publication date: Feb. 21, 2020

Trials & Tribulations

Lung cancer: Significant progress leads to record annual decrease in cancer mortality

Fred R. Hirsch

By Fred R. Hirsch, MD, PhD

Executive director, Center for Thoracic Oncology, Tisch Cancer Institute, Mount Sinai

Professor of Medicine and Pathology, Icahn School of Medicine, Mount Sinai

 

We were recently presented with the new report from American Cancer Society1 showing the biggest annual decrease in cancer mortality, which was mainly due to decline in smoking, as well as improvements in early detection and treatment.

Mortality rates are a better indicator of progress against cancer than incidence or survival rates, because they are less affected by biases resulting from changes in detection practices.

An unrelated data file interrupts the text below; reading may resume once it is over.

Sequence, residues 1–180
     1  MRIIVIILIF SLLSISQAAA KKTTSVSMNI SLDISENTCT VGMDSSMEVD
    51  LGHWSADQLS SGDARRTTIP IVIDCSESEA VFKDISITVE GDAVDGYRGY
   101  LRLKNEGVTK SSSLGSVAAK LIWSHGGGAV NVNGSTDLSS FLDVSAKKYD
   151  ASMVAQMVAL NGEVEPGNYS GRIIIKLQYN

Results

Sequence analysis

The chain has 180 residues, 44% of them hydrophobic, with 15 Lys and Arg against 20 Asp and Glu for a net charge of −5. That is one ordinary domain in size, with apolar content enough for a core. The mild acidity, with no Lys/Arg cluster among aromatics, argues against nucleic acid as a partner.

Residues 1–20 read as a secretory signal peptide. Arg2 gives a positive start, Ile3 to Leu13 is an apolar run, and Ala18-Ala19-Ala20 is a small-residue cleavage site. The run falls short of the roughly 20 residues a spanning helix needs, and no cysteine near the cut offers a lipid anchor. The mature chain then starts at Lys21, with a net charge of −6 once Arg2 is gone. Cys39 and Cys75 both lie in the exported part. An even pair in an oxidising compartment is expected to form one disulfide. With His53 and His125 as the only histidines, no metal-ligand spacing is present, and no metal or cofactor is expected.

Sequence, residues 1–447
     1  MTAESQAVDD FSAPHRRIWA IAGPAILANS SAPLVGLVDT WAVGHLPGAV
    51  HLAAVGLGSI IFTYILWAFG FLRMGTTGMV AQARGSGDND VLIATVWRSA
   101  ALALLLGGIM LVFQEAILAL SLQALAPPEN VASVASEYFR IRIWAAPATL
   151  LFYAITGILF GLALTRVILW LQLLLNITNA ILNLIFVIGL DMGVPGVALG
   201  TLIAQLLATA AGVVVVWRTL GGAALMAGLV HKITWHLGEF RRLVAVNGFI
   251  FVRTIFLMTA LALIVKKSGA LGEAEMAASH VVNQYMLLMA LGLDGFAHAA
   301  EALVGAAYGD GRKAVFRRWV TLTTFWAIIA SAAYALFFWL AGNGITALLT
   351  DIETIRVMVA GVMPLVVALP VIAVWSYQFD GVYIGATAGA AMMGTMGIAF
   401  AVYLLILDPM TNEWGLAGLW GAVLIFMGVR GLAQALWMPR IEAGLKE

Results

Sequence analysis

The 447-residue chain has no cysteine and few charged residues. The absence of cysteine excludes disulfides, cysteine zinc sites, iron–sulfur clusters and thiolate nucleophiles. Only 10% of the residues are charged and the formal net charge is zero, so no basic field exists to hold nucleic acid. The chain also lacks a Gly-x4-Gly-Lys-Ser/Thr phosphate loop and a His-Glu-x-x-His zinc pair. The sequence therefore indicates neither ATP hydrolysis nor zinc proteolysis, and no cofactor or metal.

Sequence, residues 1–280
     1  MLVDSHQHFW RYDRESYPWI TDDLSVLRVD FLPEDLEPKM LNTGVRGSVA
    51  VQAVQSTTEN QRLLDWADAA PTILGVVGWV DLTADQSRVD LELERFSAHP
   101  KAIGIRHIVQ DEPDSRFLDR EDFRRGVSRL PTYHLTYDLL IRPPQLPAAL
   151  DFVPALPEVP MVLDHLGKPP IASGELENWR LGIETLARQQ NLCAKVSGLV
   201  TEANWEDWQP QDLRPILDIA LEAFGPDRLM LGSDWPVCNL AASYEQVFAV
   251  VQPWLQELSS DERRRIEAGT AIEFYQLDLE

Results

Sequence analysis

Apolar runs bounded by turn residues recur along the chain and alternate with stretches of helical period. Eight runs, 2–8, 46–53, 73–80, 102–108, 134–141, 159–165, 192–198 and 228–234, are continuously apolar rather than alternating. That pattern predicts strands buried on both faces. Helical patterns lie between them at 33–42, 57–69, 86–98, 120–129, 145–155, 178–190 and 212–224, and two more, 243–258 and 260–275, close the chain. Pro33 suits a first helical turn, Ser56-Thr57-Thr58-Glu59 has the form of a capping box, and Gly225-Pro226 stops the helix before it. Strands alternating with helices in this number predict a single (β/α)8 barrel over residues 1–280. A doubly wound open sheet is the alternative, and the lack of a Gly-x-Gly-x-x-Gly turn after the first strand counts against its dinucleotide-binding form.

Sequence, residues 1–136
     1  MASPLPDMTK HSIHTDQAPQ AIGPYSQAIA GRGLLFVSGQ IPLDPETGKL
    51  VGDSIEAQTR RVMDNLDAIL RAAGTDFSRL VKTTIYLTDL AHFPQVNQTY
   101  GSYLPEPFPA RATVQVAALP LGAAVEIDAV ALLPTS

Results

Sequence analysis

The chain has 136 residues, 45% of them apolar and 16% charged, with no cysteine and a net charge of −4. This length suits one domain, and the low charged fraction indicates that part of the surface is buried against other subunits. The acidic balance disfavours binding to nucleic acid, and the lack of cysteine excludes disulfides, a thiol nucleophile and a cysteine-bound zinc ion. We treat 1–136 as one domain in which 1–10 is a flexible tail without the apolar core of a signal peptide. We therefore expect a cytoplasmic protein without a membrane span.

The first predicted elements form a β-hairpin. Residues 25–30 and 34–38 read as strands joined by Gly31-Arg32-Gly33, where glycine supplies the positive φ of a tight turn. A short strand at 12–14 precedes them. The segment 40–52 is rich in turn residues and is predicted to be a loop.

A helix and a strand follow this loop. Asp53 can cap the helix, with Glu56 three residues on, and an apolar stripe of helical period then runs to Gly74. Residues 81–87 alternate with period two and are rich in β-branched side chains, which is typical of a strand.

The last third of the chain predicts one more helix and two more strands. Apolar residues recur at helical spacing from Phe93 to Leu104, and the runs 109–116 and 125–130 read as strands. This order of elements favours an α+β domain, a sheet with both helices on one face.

During the most recent decade (2008-2017), the death rate declined by 1.5% per year for cancer, while remaining stable for all other causes of death combined. The progress against cancer reflects large declines in mortality for the four major cancers: lung, breast, prostate and colorectal cancers.

For lung cancer, as of 2017, the death rate, according to American Cancer Society, dropped from its peak by 51% among males (since 1990) and by 26% among females (since 2002). In 2016-2017, the overall cancer deaths declined by 2.2%, which is the largest single-year drop, which is mainly driven by recent rapid declines in lung cancer mortality.

The drop in APC (annual percent change based on mortality rates age adjusted to the 2000 U.S. standard population) was 4.9% (males; 4.9, females; 4.2). … Continue reading Lung cancer: Significant progress leads to record annual decrease in cancer mortality

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